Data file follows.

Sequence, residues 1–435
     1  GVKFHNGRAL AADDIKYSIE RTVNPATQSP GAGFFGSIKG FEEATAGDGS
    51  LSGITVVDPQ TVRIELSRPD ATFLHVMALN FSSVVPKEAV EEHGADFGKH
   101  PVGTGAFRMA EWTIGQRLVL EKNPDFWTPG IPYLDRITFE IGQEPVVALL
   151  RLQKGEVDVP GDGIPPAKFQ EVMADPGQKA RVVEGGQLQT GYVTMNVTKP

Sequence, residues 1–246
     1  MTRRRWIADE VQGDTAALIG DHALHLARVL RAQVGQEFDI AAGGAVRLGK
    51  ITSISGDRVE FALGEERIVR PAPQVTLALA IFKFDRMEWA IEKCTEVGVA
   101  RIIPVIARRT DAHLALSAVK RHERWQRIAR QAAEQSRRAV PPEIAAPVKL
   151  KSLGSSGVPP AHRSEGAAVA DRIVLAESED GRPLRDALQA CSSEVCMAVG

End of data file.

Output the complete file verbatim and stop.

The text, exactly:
Sequence, residues 1–435
     1  GVKFHNGRAL AADDIKYSIE RTVNPATQSP GAGFFGSIKG FEEATAGDGS
    51  LSGITVVDPQ TVRIELSRPD ATFLHVMALN FSSVVPKEAV EEHGADFGKH
   101  PVGTGAFRMA EWTIGQRLVL EKNPDFWTPG IPYLDRITFE IGQEPVVALL
   151  RLQKGEVDVP GDGIPPAKFQ EVMADPGQKA RVVEGGQLQT GYVTMNVTKP

Sequence, residues 1–246
     1  MTRRRWIADE VQGDTAALIG DHALHLARVL RAQVGQEFDI AAGGAVRLGK
    51  ITSISGDRVE FALGEERIVR PAPQVTLALA IFKFDRMEWA IEKCTEVGVA
   101  RIIPVIARRT DAHLALSAVK RHERWQRIAR QAAEQSRRAV PPEIAAPVKL
   151  KSLGSSGVPP AHRSEGAAVA DRIVLAESED GRPLRDALQA CSSEVCMAVG